The signals designated B and -(A+B) are fed to a linear adder 33, also identical to its counterpart at the transmitter, to produce the output waveform -(A+B)+B, or simply -A. A second inversion is effected, by inverting amplifier 35, to reproduce the original speech waveform A, or a reasonably close approximation thereof, for application to headphones 36, speaker, or other electroacoustic transducer.
As shown in greater detail in FIG. 2, each terminal of the speech privacy system according to the present invention is a half-duplex terminal capable of both transmission and reception of encoded speech signals, on a separate selected basis, of course. In the transmit mode, push-to-talk switch 50 is actuated to simultaneously key the r-f transmitter (of a transceiver, not shown) and enable three transmit/receive (T/R) gates 51, 52, 53. The speech signal deriving from dynamic microphone 54 is amplified and overload limited to a predetermined amplitude by units 57 and 58, respectively, and applied via T/R gate 51 to linear adder 60.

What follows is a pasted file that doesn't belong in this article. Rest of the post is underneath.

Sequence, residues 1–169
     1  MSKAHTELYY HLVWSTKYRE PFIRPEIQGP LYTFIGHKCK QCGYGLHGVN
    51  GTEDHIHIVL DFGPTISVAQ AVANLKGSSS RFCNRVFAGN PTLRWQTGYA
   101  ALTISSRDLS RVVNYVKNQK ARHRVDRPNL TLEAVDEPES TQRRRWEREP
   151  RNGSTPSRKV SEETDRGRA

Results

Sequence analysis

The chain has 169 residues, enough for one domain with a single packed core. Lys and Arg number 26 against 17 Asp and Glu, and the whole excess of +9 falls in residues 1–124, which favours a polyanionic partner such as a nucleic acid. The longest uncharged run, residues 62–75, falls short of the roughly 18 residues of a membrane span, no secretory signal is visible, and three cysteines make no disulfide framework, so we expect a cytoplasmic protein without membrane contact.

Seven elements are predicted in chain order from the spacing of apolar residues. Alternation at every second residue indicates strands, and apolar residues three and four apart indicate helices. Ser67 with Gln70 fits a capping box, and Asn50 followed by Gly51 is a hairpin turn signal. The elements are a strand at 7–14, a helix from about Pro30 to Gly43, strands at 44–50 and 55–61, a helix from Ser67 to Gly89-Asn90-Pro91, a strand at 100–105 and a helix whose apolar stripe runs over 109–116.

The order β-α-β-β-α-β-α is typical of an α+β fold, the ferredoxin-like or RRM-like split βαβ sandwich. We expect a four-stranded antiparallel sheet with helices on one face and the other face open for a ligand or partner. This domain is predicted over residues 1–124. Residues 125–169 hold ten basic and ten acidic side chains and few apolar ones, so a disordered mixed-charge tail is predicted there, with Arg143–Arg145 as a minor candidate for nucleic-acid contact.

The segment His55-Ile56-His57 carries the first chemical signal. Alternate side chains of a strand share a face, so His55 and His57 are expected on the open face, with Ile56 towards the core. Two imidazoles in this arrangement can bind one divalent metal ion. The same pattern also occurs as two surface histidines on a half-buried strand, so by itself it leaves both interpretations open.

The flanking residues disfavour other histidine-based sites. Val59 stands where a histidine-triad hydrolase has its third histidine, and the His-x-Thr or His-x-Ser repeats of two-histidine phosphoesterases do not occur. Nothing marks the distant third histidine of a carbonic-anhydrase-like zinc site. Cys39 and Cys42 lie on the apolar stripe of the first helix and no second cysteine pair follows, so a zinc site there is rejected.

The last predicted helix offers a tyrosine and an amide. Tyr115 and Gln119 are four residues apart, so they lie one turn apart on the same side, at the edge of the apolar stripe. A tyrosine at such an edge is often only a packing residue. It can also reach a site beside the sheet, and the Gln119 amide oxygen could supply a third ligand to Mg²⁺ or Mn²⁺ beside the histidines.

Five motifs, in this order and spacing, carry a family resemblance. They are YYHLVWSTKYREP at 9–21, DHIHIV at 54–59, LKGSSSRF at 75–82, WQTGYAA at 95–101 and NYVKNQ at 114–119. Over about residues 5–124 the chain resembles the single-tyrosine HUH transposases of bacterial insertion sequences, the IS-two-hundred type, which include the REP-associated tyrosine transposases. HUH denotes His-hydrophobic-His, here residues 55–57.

The output signal of the linear adder, which corresponds to scrambled waveform A+B at the transmitting terminal of FIG. 1, is amplified and applied in parallel to T/R gates 52 and 53. The amplified signal is fed through T/R gate 53 to infinite clipper 62, the infinitely clipped digital-type output waveform of which is amplified for application of digital signal of the general form shown at the output path of infinite clipper 16 of FIG. 1 in parallel to transition detector 64 and shift register 65. The shift register may have twenty stages which are successively loaded in response to shift pulses from a delay (one-shot) multivibrator 67. In a usual manner, a new digit is inserted in the first stage, the contents of each stage shifted to the next successive stage, and the contents of all stages read out in parallel, with the application of each shift pulse to register 65. Transition detector 64 is simply an axis crossing detector responsive to zero crossings of the amplified infinitely clipped signal (corresponding to transitions of waveform A+B) to generate a positive pulse for triggering one-shot multivibrator 67 to its unstable state. The pulse generated upon return of the one-shot to its stable state is effectively a delayed version of the positive pulse output of detector 64, and is applied to the shift register 65 as a shift pulse therefor. It is to be observed that this method of generating a shift pulse results in a continually varying clock rate and eliminates any requirement of bit synchronization between terminals of the system. As previously noted, frame synchronization is rendered unnecessary as a result of the method of generating a scrambling code directly from the transmitted signal and the identical generation of an unscrambling code directly from the received signal.